When we think of pollinators, striking hummingbirds and colorful butterflies may take the lead. However, while bees, wasps, flies and bats might not be our favorites of the bunch, the truth of the matter is, they need us too and we need them.


It’s been estimated that more than 1,300 plants are grown worldwide for food, beverages, medicine and even textiles. Of those 1,300 plants, 75% are directly related to pollination by animals. That’s a pretty impressive feat!

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The weather outside this week has been frightful and we are (not so patiently waiting) to plant our tomatoes and other warm season vegetables. One of our veggie experts, Donna, has put together some simple tips for vegetable success. Donna grows so many vegetables she’s basically a one woman produce department!

Pick the perfect site

Most warm season veggies, like tomatoes and peppers, need lots of sun. Make sure you plant them in a place where they will get 6-8 hours of sun. Plants also need good air circulation and well-drained soil. Don’t plant them too close together.

Give them the perfect soil

The ideal pH for a vegetable garden is 6.5-6.8. Mix in TGP Garden Mix and Espoma® Garden-tone to give your plants a healthy start. For tomatoes, you can use Espoma® Toma...

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Flowers hold fascination from childhood. Remember picking a handful of dandelions to give to mom? We always try to bring a bit of the beauty of nature into our homes in any way we can and gathering flowers for a bouquet is just one of the simple pleasures of planting a garden.

Tip 1

If you want to have a steady stream of flowers to cut, create a production style bed with rows, similar to how you would plant a vegetable garden. If you have space, you could even designate an area of your vegetable garden but we like to keep it simple by mixing plants into your established gardens. In fact, you probably already have some cutting flowers in your garden!

Tip 2

Combine blooms for every season and plants with an array of textures like shiny, rough, frill...

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When you think of trees, what state jumps to mind? California, with its redwoods? Vermont and its sugar maples? How about Nebraska? A naturally treeless prairie landscape, Nebraska is the birthplace of Arbor Day!

The holiday began with journalist Julius Sterling Morton, who moved from Detroit to Nebraska in 1854. At the time, the wide open spaces of the west weren't working out so well for pioneers — the shadeless prairie was hot in the summer, with few windbreaks to keep tilled soil from blowing right into Kansas. The solution? Plant a tree.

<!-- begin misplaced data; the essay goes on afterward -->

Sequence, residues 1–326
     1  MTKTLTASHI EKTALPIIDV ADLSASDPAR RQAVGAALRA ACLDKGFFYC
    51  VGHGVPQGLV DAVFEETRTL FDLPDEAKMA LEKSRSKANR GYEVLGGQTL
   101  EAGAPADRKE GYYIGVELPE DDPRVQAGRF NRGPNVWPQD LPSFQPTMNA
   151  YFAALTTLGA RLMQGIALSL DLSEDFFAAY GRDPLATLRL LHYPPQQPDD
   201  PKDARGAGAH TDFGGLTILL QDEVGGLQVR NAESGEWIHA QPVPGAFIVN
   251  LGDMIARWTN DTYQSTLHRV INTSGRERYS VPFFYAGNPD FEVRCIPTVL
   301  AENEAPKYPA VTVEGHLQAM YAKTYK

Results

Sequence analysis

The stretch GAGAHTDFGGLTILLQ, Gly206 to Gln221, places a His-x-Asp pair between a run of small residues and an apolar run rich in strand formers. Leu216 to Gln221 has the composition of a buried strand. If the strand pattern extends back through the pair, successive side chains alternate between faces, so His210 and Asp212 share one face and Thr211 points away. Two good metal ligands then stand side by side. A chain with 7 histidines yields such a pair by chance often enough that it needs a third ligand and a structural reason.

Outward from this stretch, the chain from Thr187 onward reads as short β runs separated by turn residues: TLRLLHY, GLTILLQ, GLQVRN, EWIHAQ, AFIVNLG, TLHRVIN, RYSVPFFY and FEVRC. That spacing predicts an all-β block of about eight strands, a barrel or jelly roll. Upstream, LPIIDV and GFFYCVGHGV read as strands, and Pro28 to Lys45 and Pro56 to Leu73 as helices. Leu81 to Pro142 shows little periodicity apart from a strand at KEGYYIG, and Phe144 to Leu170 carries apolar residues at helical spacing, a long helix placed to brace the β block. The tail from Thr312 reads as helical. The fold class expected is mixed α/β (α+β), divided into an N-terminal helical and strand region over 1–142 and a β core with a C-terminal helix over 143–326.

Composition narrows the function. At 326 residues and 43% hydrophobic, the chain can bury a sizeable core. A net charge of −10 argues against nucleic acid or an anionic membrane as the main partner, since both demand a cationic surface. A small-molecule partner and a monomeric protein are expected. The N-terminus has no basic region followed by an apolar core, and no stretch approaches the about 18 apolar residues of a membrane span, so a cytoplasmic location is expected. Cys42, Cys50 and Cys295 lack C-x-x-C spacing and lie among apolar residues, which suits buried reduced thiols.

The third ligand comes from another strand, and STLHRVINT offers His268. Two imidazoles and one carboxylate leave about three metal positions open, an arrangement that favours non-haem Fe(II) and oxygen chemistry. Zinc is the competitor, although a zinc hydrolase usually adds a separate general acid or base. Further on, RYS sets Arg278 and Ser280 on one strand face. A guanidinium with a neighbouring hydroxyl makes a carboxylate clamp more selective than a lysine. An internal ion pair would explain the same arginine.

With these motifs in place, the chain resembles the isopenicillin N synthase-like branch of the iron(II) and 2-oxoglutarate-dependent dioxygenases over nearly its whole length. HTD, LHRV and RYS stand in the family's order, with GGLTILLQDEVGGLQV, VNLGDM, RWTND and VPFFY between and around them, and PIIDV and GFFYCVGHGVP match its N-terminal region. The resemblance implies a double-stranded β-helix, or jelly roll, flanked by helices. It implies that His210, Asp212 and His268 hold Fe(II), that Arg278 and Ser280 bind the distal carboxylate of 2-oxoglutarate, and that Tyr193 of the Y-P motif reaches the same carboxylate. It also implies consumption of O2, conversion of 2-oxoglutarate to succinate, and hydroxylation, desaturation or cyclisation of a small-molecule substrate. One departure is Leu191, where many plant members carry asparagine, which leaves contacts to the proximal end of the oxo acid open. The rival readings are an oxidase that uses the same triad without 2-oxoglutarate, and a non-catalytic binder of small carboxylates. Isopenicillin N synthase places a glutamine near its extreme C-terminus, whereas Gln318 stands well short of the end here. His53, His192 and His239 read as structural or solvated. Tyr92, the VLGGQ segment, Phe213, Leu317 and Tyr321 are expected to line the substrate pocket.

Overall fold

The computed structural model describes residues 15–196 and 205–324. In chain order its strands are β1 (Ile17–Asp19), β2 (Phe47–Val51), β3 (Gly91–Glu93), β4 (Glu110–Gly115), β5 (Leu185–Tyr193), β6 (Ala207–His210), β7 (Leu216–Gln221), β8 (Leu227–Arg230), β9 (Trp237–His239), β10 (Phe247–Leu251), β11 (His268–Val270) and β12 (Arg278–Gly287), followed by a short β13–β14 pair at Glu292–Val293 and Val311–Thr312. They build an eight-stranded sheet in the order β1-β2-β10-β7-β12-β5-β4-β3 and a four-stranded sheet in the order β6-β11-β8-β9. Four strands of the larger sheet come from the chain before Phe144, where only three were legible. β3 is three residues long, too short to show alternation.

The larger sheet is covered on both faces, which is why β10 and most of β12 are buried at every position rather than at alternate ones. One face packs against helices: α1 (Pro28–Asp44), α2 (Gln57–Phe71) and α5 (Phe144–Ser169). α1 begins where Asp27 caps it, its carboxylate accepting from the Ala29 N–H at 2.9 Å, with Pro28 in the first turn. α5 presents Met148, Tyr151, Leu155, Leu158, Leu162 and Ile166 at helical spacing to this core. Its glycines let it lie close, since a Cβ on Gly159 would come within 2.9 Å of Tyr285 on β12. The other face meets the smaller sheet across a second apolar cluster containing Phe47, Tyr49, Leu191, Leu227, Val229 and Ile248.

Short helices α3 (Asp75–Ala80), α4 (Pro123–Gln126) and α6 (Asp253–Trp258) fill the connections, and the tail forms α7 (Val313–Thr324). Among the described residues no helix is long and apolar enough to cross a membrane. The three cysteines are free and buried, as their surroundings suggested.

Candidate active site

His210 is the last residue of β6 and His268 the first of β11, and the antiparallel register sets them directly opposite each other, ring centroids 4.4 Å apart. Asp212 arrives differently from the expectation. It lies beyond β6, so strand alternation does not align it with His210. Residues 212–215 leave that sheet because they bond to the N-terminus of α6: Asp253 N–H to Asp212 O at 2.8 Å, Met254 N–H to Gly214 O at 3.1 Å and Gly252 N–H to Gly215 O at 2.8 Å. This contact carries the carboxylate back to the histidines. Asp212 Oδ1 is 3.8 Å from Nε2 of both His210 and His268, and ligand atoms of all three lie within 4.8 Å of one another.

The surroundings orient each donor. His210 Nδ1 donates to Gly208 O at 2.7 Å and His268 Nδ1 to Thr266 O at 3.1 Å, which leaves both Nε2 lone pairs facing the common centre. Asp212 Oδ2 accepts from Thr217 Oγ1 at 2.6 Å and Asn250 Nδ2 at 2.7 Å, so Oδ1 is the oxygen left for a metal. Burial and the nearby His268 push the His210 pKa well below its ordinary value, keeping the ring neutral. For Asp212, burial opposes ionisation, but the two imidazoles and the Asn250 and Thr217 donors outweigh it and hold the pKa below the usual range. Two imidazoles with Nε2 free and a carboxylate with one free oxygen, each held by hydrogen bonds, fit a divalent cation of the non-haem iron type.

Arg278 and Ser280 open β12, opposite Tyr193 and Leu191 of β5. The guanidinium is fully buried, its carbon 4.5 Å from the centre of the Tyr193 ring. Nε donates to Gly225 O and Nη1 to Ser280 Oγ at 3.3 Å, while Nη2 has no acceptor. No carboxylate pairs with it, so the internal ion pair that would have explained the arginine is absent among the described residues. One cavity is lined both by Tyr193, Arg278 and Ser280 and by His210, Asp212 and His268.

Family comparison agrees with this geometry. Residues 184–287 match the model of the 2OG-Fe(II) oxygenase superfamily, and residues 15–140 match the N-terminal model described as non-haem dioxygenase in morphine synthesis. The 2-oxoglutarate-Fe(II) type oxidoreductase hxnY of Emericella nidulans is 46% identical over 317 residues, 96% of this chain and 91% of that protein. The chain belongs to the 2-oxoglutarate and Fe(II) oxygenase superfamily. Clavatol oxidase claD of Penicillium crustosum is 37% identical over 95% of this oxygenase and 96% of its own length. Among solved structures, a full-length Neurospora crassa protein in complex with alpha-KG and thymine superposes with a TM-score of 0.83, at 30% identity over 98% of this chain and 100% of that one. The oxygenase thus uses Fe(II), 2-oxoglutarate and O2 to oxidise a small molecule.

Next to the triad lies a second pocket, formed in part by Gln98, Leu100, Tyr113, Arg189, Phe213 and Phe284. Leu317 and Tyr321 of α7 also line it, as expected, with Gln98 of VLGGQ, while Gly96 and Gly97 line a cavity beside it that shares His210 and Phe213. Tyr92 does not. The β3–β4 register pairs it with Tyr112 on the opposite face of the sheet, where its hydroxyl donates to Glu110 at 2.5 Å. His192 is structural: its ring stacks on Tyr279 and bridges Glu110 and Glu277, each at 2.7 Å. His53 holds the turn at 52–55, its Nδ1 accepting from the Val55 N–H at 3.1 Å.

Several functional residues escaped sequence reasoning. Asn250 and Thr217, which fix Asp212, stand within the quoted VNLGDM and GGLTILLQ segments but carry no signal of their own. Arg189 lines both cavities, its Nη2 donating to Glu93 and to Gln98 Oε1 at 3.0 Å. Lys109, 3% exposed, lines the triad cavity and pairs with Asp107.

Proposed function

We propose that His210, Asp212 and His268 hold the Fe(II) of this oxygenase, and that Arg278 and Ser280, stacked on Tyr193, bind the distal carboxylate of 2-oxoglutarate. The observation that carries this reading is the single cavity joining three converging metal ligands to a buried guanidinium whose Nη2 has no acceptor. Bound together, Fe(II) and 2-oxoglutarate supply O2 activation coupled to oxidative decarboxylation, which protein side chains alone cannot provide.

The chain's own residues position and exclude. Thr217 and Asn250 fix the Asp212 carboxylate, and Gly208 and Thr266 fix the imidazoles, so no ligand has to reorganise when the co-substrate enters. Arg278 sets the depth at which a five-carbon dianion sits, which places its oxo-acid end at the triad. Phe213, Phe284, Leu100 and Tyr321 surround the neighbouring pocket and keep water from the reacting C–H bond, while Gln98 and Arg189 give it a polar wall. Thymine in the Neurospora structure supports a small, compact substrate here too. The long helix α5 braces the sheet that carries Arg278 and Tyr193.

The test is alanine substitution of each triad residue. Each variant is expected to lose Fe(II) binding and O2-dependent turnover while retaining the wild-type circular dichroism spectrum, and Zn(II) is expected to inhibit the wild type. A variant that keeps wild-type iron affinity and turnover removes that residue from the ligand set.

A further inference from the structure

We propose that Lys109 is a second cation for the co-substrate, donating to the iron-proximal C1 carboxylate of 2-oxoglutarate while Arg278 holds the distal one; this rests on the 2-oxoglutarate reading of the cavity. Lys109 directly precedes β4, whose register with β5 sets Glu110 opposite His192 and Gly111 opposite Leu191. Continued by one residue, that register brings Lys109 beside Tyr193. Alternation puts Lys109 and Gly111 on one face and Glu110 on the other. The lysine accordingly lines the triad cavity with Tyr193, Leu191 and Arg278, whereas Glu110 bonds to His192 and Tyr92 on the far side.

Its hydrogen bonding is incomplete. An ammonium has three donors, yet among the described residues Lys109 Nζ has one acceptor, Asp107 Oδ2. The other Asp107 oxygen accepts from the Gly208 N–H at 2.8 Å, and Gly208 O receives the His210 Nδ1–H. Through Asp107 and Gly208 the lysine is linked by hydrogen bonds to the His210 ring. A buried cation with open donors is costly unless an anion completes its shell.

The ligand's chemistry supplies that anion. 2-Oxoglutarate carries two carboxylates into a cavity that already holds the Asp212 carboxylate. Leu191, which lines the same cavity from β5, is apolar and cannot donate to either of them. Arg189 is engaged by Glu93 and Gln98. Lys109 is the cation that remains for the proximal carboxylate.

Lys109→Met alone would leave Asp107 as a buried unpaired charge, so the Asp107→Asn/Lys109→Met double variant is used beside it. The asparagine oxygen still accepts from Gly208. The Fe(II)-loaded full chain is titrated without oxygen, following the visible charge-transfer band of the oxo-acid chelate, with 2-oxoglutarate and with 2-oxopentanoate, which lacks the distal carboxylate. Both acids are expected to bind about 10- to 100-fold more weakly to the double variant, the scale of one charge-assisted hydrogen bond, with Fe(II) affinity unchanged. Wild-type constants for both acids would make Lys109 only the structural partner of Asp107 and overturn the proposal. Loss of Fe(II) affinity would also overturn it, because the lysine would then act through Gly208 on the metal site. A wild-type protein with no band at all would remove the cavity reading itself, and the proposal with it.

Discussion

Morton rose to become the state secretary and helped establish the first Arbor Day on April 10, 1872. More than 1 million trees were planted across the state that day. Arbor Day became a natio...

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At The Growing Place, we like to help out the environment in any way we can. Each year, people from all around the world celebrate Earth Day on April 22. Festivals, demonstrations, and other activities are planned in cities everywhere to bring awareness to the earth’s rapidly depleting resources. The first Earth Day was on April 22, 1970. Senator Gaylord Nelson founded the holiday. Turning off the faucet while brushing your teeth you can save 4 gallons of water every day. Here are other ways to help every day, not just on Earth Day!

  1. Slow the Flow: A faucet leaking just one drop per second wastes over 1,300 gallons per year! If you have an irrigation system for your lawn or garden make sure to shut it off on rainy days. Save gallons of water each summer by adding a rain barrel (or two) to your downspouts to collect rain to water your garden or containers. You can order a rain barrel directly from The Conservation Foundation.
  2. Choose Both Sides: Using the other side of the paper can cut that pollution almost in half! And choose recycled paper—especially processed-chlorine-free recycled paper.
  3. 'Greener' Lawn: You’ll save money and reduce emissions by mowing your lawn less or with an electric mower. Keep your grass at least 3” tall to save on water consumption. The shorter the grass the more water needed. Don't over fertilize! Ideally, your lawn only needs fertilization in spring and fall.